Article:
Whenever a manager comes across a troubling employee in the company, perhaps due to conflicts with other colleagues, poor work performance or any matter that could affect the company business, he or she will make it evident that they would like said employee to leave.
There are two practical ways that an exit from the company can be arranged by the boss, which are:
- He or she takes the direct approach, firing the employee as soon as possible.
- He or she opts for the passive-aggressive approach where they subtly make you feel unwelcome or pile up an unreasonable amount of work that the employee eventually decides to call it quits.
If you suspect that your manager wants you to resign, they may display certain behaviours towards you such as:
1. Overworking you
Do all the major projects and assignments seem to land on top of your lap while your colleagues are stuck with minor and easy tasks instead?
To apply further pressure, your boss gives you tight or unreasonable deadlines, which pushes your stress levels even higher.
Even if you adapt to the ridiculous work demands, all you get in return is an exhausted state of mind and body.
2. Providing you with limited resources
Your boss makes it harder for you to accomplish your tasks effectively and efficiently.
Even if you try to address your concerns regarding the lack of resources, your pleas will just be swept aside as he or she will berate you for giving excuses.
3. Letting you solve problems on your own
You seek advice from your manager regarding a problem. However, your manager directs the problem back to you by stating that an employee only presents a solution, not a problem.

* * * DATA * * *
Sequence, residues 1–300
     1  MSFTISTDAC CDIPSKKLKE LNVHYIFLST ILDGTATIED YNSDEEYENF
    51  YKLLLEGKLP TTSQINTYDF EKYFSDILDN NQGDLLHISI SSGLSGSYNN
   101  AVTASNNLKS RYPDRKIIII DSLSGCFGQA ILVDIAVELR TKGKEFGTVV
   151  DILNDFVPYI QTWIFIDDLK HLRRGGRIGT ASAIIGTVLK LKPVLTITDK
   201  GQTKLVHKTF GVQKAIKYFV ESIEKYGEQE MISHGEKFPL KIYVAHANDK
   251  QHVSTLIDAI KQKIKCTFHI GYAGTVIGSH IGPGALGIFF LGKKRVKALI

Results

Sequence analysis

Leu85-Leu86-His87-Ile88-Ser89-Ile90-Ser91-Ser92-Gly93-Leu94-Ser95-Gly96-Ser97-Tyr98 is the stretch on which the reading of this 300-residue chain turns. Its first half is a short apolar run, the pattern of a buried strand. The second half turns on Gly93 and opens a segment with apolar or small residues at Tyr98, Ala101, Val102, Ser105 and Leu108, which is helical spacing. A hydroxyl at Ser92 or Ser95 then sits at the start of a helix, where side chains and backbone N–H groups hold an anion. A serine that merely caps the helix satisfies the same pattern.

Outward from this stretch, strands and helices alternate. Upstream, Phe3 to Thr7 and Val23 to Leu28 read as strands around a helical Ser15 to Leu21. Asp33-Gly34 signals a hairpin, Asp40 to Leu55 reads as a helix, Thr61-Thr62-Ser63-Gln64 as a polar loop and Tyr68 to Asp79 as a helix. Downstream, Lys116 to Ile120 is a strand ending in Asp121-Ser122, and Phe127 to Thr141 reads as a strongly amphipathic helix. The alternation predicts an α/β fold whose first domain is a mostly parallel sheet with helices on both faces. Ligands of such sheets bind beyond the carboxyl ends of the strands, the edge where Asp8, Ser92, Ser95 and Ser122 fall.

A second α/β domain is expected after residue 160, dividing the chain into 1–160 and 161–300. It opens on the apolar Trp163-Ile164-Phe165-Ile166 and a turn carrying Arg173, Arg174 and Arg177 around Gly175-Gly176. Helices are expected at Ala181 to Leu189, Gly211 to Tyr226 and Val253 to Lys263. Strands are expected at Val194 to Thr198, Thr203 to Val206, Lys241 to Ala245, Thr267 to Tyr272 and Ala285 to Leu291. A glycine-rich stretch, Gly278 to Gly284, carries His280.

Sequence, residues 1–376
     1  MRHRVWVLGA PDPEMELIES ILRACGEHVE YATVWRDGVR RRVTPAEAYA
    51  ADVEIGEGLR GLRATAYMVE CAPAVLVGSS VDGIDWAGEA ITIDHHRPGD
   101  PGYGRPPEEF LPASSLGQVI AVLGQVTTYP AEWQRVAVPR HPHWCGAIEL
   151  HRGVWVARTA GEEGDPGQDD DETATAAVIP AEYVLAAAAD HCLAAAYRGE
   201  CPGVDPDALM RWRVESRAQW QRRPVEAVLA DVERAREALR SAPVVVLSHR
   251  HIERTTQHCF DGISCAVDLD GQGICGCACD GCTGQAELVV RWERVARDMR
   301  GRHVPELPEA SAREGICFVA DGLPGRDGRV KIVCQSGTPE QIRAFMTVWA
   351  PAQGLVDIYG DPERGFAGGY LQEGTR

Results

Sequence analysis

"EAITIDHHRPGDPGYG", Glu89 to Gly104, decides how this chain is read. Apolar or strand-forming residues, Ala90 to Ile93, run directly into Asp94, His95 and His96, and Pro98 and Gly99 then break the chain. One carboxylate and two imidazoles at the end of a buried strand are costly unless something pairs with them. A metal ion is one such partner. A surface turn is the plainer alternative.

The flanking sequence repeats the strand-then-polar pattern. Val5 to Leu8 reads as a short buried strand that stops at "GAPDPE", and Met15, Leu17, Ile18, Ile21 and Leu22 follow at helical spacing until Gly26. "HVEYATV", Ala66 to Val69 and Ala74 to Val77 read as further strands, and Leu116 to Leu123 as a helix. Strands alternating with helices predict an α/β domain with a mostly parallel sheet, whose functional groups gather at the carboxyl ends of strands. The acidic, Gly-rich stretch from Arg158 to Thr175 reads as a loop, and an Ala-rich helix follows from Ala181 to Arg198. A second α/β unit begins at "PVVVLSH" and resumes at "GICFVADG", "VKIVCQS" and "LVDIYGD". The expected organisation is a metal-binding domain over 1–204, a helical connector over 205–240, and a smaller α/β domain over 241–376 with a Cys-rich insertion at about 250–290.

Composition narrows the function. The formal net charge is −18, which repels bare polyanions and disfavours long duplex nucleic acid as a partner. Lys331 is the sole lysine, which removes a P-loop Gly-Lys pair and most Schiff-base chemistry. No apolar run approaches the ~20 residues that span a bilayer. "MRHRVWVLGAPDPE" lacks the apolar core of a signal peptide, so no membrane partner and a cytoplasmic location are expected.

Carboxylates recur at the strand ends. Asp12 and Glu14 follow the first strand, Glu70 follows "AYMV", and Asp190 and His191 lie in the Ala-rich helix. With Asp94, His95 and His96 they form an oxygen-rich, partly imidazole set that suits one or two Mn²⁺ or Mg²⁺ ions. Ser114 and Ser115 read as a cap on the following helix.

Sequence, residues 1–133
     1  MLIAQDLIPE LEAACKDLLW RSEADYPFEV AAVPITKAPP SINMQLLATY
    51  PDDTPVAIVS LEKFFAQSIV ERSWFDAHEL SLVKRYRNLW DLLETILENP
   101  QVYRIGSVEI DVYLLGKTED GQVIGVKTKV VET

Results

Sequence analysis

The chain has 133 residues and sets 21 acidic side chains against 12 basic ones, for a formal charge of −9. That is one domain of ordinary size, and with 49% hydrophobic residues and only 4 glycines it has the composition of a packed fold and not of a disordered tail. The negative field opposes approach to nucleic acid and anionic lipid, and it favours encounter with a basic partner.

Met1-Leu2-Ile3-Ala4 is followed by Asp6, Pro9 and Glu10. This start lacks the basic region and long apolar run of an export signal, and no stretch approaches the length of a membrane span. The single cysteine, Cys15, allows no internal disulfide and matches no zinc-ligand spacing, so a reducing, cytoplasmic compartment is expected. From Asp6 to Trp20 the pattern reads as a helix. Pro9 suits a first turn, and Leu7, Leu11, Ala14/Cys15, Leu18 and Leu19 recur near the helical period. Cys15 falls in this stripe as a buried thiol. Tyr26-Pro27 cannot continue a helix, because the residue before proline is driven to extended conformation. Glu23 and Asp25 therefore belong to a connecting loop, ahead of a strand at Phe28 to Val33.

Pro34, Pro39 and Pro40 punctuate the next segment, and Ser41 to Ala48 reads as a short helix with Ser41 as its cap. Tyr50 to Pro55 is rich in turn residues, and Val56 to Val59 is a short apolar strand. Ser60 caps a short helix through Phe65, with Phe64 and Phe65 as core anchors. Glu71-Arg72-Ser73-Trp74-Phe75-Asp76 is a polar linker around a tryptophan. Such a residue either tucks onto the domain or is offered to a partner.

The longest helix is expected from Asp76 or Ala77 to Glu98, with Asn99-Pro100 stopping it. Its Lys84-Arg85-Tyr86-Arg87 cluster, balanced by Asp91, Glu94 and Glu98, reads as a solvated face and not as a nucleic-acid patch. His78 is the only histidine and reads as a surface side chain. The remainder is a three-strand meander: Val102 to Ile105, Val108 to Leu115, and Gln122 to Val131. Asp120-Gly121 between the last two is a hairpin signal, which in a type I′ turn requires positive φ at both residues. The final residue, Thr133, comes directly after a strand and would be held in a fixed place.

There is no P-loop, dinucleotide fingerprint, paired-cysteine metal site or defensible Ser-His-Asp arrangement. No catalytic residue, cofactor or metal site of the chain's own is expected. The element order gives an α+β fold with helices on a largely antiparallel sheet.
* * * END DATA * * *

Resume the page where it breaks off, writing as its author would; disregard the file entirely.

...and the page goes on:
The truth is, managers are supposed to provide assistance especially when an employee cannot make progress with their work.
But if your manager directs you to come up with a few solutions on your own, chances are that none of the solutions you proposed is the right solution.
4. Assigning tasks that do not fit your job scope
There are two types of unreasonable tasks that can be assigned to you; an unchallenging job that does not fit your current skill level or a far-too-difficult project that will not guarantee success.
While it’s normal to be tasked with jobs that are under your skill level, getting stuck with mediocre work can be boring and limit your learning opportunities.
5. Giving you the cold shoulder
When you are trying to engage with your boss, he or she tries to avoid you by answering phone calls, texting or even avoiding eye contact.
The conversation will also be rushed or ended abruptly, usually with them giving a short or brief response to every question you ask.
6. Removing small talk out of the equation
Your manager made it clear to you that you are just there to work. All unnecessary conversation between you and your boss has been entirely cut out.
Most of the engagements would most probably be limited to email or quick phone calls only.
Chances are your co-workers may take note of that and stop talking to you too, leaving you in almost complete isolation at the office.
7. Excluding acknowledgements
There is nothing worse than feeling unseen and unheard because your boss just wants to make you feel unwanted and excluded.
You might notice that your boss is actively taking away all the credit for your work and present them as his or her own, or somebody else’s.
To add salt to the wound, all your achievements will be downplayed.
8. Making it clear that there is no room for advancement
Nobody wants a dead-end job, but if your manager bypasses you for promotions in the company for reasons unstated, he or she clearly wants you out of the company.
Even failing to give new responsibilities and training can deter employees from feeling like they are advancing in their careers.
However, it is important to understand the difference between being disliked by your boss and being a low-performing employee.
If he or she does engage in one of these tactics to get rid of you, remember to restrain yourself from making any rash decisions such as rage-quitting your job on the spot.
If you wish to stay on, it is best to stand your ground and reach out to HR or upper management to resolve these issues.
The alternative is to start your job search now, clean up your resume and refine your interview skills.
This article first appeared in jobstore.com
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